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Cheese Days Ambassador: Part 2 - Cheesemaker uncle shares inside scoop on cheesemaking
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Hello, cheese fans. This month's article is part two from a discussion with my cheesemaker uncle Silvan Blum of Chalet's Deppeler Cheese Plant giving me the inside scoop on the process of making cheese.

At the Deppeler Plant, where cheese is produced five days a week, cheesemakers start with 25,000 pounds of milk for a yield of about 2,300 pounds of cheese on each of those days. But Silvan notes that a high moisture cheese uses less milk, whereas a low moisture cheese uses a substantial amount of milk. When making Baby Swiss, a typical yield on 100 pounds of milk would be 9 pounds of cheese. On the other hand, Limburger or Brick cheese has a yield around 12 pounds per 100 pounds of milk. The older the milk is, the lower the yield. It makes sense that the price of cheese goes by moisture due to the correlation to yield. There are larger cheese plants that process 13 million pounds of milk a day, seven days a week.

I asked Silvan if he has ever had to throw out a batch of cheese. He said, "Swiss Cheesemakers who have a 90-95 percent success rate are doing well." The Deppeler Cheese Factory has high standards for quality, taste and texture - as well as the goal of making a product that is safe and wholesome. Did you know that if cheese doesn't meet texture or taste standards, it goes on for additional processing and may become a product like Velveeta?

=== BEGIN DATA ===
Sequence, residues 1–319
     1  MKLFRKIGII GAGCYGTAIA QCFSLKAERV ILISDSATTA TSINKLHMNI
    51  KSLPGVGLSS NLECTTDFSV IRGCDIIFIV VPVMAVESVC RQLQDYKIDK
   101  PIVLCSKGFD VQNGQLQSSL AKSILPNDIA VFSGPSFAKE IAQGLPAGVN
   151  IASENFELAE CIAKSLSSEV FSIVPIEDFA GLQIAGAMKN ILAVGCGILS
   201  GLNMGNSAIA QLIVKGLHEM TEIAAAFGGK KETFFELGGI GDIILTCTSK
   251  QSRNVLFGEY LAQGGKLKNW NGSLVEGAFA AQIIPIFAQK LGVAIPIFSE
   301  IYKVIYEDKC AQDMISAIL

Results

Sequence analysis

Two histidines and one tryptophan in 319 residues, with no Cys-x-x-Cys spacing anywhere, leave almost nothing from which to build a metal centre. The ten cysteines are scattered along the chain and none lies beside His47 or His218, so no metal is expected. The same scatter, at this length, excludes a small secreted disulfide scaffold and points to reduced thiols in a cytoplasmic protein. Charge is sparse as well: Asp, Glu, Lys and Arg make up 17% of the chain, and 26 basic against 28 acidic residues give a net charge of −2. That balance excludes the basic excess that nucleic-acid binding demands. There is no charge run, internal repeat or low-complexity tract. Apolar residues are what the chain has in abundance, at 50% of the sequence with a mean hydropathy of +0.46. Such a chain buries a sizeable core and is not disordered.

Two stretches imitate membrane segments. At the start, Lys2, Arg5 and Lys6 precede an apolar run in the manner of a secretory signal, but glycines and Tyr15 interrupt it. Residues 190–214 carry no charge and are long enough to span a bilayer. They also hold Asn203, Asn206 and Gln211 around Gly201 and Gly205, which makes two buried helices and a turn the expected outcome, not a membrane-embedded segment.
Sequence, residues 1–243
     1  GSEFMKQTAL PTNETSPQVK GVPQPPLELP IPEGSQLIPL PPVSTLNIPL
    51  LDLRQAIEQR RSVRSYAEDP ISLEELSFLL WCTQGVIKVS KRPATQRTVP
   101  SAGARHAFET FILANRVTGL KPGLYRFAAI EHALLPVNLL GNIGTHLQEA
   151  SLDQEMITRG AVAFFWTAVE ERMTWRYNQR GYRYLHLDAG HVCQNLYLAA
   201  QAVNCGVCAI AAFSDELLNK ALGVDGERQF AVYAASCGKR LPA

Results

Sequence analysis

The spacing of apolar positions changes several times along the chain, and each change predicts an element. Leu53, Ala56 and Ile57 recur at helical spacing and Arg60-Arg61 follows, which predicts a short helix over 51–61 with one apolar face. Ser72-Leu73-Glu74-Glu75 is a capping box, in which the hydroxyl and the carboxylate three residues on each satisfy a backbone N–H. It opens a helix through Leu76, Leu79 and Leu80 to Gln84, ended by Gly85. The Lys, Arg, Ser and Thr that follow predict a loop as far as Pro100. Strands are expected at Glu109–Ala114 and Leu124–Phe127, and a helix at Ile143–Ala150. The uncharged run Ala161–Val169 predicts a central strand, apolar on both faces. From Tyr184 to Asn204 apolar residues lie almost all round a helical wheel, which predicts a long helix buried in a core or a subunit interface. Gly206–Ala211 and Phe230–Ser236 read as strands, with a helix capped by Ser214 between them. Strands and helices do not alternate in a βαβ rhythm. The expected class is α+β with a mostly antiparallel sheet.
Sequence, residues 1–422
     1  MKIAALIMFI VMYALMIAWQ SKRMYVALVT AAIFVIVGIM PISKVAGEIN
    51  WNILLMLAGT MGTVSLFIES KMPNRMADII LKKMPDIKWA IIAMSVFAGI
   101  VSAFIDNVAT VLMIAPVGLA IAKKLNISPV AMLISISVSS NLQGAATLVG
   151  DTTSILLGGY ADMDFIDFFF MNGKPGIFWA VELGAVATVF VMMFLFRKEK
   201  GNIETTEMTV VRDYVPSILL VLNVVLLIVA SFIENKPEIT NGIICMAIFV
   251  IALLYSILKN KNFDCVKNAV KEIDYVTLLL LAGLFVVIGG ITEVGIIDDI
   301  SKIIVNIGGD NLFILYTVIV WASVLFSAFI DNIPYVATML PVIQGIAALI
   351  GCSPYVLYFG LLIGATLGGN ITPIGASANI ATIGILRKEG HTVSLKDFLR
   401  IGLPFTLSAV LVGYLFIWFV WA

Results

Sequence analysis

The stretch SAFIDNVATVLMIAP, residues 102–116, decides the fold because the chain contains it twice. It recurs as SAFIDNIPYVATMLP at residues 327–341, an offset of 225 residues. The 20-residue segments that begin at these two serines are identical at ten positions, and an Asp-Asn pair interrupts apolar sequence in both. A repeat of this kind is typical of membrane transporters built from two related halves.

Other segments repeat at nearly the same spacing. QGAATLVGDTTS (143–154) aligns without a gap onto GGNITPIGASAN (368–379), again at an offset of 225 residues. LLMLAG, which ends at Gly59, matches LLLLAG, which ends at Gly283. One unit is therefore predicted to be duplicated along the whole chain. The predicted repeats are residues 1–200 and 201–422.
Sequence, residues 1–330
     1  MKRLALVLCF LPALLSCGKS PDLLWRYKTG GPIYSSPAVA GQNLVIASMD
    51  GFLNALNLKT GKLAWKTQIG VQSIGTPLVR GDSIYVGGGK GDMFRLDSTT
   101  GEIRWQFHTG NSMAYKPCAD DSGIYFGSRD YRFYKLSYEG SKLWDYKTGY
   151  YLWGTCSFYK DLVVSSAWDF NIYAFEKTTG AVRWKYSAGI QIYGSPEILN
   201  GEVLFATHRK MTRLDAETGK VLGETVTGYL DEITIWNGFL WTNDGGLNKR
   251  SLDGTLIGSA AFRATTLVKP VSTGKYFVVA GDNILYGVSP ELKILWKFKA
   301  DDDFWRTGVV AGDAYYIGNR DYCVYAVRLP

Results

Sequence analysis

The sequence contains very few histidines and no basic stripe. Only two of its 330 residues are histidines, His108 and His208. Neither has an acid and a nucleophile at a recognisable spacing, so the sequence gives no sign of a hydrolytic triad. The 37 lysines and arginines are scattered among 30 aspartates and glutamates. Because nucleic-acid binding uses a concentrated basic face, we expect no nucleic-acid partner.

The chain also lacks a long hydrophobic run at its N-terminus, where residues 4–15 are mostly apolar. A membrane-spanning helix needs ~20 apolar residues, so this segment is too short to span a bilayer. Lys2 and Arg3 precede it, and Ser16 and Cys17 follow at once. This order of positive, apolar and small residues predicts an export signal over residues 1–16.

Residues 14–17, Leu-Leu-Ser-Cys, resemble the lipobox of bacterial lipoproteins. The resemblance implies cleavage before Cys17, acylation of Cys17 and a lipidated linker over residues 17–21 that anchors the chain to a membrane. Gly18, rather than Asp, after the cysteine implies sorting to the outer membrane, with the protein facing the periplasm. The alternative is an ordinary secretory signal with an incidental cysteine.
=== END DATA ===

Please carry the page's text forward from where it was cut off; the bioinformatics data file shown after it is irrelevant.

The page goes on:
Silvan also told me that there are now fewer dairy farms in the area, but these farms are now larger and producing more milk. A trend in the last 10 years includes young farmers coming back to the family farm, and bringing with them ideas for increased automation. What used to take two weeks now might take two days. At our family farm, we used to milk 70 cows and had three or four hired hands. Back in the day, this was considered a huge farm. Now, most farms are well over 100 cows and this change took place so the farms could stay competitive. The cheese industry is moving in the same direction. Cheese plants need to automate various steps in the process to stay competitive. They have to reduce costs, increase efficiency, and increase output, while maintaining high-quality products. Cheesemaking is an art and always will be. To learn more about innovations that shaped cheesemaking in the past while setting the stage for Green County's role in the future of the industry, please visit the National Historic Cheese Making Center in Monroe.

Cheese Days has a variety of promotional appearances coming up. The entire "royal family" will be at Volksfest in New Glarus on Sunday and on Aug. 11, I will be at the Wisconsin State Fair for the Blue Ribbon Cheese and Butter Auction. On Aug. 12, I hope to see you at the special "sunset celebration" at Main Street Monroe's Concert on the Square.

We are less than two months away from the festival. The official map has been released and we are seeking volunteers to help with the beer stand, retail tent and hospitality tent. If you are interested, please visit and click on the volunteer tab or call the Cheese Days office at 608-325-7771. Also, make sure to follow Cheese Days and Cheese Days Ambassador on Facebook for the latest updates.

- Jana Duval Crandall is the 2016 Cheese Days Ambassador